I was involved in a dérive, or “drift”, about ten years ago in Cincinnati. It was a really cool experience, and I’d highly recommend having one in Ypsi this Spring, as it seems very much in line with the Occupy Ypsi movement.

  8. Mme X
    Posted April 16, 2012 at 8:43 am | Permalink

    Mr. X, will you organize such a thing?

  9. nj
    Posted April 16, 2012 at 11:10 am | Permalink

    so cool! thanks for posting these videos, i’ve long found the situationists to be very inspirational. I’m disappointed that this sort of thing was never brought up in any of my art classes while I was at EMU!!

    I read an article not long ago (can’t find it at the moment) about how a lot of the posters were made in paris in 68. University art studios were occupied by students and workers alike who all helped to come up with slogans and images and then printed loads and loads of posters which were then distributed freely and hung up around the city. This process was open to anyone who wanted to participate and all agreed that the posters would not be for sale. All images, slogans and production was specifically not attributed to any one artist, it was all done anonymously.

  10. Knox
    Posted April 16, 2012 at 12:46 pm | Permalink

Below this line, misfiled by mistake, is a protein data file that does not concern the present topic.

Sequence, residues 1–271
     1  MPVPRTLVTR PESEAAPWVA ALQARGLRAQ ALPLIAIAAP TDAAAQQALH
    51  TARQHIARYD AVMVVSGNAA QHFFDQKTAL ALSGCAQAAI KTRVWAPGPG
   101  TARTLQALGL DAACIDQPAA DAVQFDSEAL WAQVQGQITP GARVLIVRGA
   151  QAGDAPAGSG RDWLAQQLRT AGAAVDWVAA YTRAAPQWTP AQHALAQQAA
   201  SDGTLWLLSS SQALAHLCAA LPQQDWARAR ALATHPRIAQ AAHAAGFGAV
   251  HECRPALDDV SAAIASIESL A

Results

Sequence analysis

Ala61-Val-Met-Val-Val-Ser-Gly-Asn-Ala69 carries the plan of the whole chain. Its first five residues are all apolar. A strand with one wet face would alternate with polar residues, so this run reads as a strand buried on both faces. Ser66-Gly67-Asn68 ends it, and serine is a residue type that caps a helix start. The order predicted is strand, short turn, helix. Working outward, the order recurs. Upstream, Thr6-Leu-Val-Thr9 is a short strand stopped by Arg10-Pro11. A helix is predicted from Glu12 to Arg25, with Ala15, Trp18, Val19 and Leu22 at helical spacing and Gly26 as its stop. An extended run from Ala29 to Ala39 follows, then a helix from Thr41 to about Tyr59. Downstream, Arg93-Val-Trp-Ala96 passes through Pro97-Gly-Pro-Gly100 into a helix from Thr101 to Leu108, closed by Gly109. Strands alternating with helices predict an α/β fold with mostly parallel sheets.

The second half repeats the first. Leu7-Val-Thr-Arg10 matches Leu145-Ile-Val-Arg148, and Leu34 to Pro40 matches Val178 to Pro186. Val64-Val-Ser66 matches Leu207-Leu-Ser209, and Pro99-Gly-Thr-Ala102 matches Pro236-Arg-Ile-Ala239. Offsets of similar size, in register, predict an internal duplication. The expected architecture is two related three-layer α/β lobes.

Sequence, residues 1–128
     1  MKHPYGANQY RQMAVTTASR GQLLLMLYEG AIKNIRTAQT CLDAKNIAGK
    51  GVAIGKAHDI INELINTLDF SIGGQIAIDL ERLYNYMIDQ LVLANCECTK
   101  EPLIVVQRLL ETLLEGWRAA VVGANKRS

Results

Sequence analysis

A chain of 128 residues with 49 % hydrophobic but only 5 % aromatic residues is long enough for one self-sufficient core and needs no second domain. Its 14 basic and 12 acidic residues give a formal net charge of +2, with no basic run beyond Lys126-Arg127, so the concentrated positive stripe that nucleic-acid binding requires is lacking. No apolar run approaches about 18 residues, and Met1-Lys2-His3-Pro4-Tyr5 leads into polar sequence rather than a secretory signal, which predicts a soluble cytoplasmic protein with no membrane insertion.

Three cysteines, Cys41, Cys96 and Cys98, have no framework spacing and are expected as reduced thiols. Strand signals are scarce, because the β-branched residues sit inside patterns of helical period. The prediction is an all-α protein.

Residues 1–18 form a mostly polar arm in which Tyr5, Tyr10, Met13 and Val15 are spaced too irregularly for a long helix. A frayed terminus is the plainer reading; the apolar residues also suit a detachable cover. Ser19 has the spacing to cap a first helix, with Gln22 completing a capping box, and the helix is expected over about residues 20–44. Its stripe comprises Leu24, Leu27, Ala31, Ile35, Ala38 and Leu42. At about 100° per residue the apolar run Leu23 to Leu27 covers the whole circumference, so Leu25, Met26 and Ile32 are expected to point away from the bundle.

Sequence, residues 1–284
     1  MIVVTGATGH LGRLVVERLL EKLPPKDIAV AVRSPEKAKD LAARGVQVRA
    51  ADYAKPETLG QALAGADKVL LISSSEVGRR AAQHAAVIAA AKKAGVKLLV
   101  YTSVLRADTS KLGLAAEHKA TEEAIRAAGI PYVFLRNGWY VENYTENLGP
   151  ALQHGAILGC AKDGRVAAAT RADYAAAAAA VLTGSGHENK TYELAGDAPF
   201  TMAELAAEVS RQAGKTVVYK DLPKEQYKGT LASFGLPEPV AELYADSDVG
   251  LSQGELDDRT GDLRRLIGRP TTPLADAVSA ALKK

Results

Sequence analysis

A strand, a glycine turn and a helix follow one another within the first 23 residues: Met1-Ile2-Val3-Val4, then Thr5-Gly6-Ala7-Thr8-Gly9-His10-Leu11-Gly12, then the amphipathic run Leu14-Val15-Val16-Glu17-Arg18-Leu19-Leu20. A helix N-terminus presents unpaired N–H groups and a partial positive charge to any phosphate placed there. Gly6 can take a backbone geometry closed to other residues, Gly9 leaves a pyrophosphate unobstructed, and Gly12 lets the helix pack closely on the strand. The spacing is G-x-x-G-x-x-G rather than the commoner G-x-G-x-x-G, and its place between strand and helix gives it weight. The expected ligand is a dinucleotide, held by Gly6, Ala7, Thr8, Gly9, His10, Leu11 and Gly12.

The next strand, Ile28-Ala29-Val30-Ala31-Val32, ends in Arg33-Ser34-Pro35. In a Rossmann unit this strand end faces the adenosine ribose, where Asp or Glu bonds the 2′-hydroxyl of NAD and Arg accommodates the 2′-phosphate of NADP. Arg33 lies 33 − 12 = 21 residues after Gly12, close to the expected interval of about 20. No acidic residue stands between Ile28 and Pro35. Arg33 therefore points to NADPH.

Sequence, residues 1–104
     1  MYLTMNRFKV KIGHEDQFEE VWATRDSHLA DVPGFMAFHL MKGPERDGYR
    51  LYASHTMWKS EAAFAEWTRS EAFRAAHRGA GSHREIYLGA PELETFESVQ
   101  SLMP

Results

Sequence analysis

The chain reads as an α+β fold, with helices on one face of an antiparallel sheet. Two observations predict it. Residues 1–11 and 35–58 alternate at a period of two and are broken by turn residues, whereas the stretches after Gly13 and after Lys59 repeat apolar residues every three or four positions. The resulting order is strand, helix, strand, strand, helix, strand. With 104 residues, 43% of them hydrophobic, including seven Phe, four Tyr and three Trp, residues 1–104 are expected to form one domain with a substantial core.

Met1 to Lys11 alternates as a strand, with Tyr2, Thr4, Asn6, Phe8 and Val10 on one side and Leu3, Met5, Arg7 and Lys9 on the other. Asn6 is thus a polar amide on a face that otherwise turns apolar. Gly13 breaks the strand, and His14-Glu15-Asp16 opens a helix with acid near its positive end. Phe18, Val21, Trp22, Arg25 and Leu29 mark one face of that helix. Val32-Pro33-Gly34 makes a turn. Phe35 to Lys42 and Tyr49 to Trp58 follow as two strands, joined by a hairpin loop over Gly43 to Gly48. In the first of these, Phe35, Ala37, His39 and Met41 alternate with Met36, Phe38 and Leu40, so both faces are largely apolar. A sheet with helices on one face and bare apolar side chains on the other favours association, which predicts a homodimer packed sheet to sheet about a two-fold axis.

From a historical perspective, are the May ’68 protests viewed as having been effective? Did the students achieve their objectives?

  11. Dan R.
    Posted April 16, 2012 at 6:39 pm | Permalink

    I don’t think there is a much truer statement about our society than: “You will end up dying of comfort.” Good stuff. Thanks for sharing. I’m going to spread some of these around by sitting on my couch and typing them into Facebook.

  12. Luv
    Posted April 16, 2012 at 11:57 pm | Permalink

    Edward don’t be depressed. Here is a new slogan for you;
    Life is, in fact, a continuous change of bosses.
    Now, you see your perspective is life affirming. You should be proud of your realization that you cannot change life but only redefine it according to some new/old, insignificant graffiti. Happens all the time in the real world.

  13. Edward
    Posted April 17, 2012 at 6:36 am | Permalink

    I don’t know that I accept that the graffiti was insignificant. I also don’t know that the efforts of French students in May of ’68 was all for nothing. It still ripples through the culture (as do reverberations of the French Revolution). If you’re ever there during a strike, you can feel it. Workers there have more control over their lives than we do here, and they aren’t ashamed to exert that power in order to defend the advances that they’ve made. Income inequality, as a result, is much less pronounced here than in France is not. They have universal health care. They have extensive paid leave when they have children. They have quality public education. I could go on, but I think you get my point.

  14. Hate
    Posted April 17, 2012 at 6:50 am | Permalink


    “Life is, in fact, a continuous change of bosses.”

    Once this kind of resignation settles in, you’re fucked. But here’s the bigger problem: your neighbors are also negatively effected by your passivity. That’s why, morally, you’ve got an obligation to fight.

  15. Posted May 14, 2012 at 6:42 pm | Permalink

    great stuff!!

9 Trackbacks